The decay has a complex angular structure that can be fully described by three angles and , and that provides many observables sensitive to different types of NP. The LHCb collaboration has performed the first full angular analysis of this mode, and measured the full set of CP-averaged angular terms, their correlations, as well as the full set of CP-asymmetries . The forward-backward asymmetry of the dimuon system, , and the longitudinal polarisation fraction of the , , compared to the SM prediction are presented in Fig. 3 (top). There is general consistency, but, similarly to the branching fraction, large uncertainties due to the hadronic-matrix elements affect the predictions. However, it is possible to construct ratios of observables that are less dependent on the form-factors and that can be theoretically determined with improved precision . Figure 3 (top right) shows one of such observables, , which manifests a local deviation from the SM in the region between 4 and 8 in of about . An angular analysis of the decay in the range between 0.002 and 1.120 has also been performed by LHCb , where all the measured observables are found to be consistent with the predictions.
Although the decay has a reduced number of angular observables that can be accessed compared to modes, a full angular analysis has also been performed . Figure 3 (bottom left) shows , which is found to be in good agreement with the SM prediction. Finally, because baryonic transitions allow to extract complementary information to that available in decays of mesons, LHCb has performed the first angular analysis of . Two forward-backward asymmetries, one in the hadronic and one in the leptonic system, have been measured. While the former is in good agreement with the SM, the latter is consistently above the prediction, as reported in Fig. 3 (bottom right).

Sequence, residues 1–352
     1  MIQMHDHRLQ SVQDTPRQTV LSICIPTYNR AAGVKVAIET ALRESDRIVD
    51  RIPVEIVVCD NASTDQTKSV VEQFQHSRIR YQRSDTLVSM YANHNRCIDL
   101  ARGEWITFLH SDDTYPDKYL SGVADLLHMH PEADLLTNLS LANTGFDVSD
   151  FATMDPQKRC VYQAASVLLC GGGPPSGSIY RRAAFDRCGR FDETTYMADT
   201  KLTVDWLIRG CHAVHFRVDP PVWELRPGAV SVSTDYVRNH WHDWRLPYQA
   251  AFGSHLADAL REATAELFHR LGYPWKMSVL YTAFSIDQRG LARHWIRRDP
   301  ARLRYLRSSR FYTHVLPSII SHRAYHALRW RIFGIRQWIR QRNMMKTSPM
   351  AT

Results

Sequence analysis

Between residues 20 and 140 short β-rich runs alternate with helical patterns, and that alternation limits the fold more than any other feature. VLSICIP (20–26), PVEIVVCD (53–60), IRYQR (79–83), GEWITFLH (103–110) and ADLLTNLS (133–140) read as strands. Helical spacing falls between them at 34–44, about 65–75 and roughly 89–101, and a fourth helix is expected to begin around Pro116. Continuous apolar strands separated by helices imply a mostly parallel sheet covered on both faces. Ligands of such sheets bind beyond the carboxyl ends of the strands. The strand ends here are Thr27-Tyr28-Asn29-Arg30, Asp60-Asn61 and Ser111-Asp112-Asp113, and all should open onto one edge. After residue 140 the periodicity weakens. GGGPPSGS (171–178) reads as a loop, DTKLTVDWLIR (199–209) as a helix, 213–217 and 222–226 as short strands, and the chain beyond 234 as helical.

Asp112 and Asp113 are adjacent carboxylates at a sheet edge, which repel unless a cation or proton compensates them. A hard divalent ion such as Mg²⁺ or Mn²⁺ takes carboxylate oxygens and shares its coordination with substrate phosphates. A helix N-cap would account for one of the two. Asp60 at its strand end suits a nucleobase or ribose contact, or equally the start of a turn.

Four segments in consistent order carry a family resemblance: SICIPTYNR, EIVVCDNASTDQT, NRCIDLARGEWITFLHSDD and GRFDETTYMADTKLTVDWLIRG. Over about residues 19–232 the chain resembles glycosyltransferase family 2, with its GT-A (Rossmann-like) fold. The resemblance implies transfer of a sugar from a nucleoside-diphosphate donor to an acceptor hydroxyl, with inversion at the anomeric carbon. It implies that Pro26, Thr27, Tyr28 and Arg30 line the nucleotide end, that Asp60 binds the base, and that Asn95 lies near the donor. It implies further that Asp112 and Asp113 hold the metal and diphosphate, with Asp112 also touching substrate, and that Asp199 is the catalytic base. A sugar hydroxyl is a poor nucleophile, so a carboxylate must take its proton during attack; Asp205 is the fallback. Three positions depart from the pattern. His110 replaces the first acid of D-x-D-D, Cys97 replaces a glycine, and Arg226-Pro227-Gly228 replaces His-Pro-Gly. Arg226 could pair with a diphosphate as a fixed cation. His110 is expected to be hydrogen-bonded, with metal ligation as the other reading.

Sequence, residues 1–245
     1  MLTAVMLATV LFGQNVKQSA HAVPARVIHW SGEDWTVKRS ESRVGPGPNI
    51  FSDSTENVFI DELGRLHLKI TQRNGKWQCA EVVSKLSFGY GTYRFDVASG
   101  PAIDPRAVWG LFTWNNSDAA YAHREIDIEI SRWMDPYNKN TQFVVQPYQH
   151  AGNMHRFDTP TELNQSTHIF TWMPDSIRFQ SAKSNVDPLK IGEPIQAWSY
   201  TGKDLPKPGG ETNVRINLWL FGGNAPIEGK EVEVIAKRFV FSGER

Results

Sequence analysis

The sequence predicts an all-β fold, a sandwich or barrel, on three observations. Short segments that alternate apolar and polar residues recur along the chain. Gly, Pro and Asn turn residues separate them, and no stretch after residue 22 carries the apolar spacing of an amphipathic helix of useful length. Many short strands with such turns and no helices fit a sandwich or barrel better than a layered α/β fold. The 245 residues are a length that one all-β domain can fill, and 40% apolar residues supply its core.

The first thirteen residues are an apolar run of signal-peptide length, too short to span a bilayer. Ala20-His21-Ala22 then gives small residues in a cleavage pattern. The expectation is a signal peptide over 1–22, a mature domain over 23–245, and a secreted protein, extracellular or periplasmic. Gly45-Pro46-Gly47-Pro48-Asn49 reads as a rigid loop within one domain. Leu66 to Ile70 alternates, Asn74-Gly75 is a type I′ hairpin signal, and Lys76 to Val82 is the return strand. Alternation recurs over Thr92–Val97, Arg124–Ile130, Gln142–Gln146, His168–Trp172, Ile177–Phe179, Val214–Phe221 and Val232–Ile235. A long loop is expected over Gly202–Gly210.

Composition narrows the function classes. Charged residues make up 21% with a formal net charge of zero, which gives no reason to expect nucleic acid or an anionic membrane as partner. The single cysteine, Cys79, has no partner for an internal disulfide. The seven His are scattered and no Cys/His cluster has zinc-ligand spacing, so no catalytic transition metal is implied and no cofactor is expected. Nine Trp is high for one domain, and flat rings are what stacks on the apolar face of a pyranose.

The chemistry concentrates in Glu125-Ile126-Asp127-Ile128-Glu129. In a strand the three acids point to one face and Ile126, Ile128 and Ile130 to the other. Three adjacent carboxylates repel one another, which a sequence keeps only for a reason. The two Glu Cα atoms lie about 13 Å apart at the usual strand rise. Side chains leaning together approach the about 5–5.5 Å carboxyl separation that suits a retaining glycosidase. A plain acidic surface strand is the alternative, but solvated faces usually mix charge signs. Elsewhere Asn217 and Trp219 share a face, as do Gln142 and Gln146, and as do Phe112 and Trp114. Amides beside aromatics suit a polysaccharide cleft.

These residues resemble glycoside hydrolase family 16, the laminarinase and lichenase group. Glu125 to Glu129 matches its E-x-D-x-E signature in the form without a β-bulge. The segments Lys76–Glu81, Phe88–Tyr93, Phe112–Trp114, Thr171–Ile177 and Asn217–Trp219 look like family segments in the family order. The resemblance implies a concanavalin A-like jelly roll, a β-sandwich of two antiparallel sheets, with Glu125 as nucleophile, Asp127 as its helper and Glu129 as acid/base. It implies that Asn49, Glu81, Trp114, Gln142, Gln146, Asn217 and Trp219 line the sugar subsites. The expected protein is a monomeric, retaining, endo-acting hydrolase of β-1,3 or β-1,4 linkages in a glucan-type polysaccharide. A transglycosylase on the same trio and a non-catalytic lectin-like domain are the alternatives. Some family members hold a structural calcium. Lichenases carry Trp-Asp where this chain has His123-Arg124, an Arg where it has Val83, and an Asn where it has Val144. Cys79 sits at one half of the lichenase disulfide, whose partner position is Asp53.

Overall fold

4 Tests of lepton universality
Due to the equality of the electroweak couplings of gauge bosons to leptons, the decay rate of processes whose final states only differ by the flavour of the participating leptons are expected to be the same in the SM, except from very small Higgs penguin contributions and difference in phase space due to the lepton masses. In particular, ratios of branching fractions represent a powerful null test of the SM as theoretical uncertainties largely cancel in the predictions, and experimental systematics are much reduced.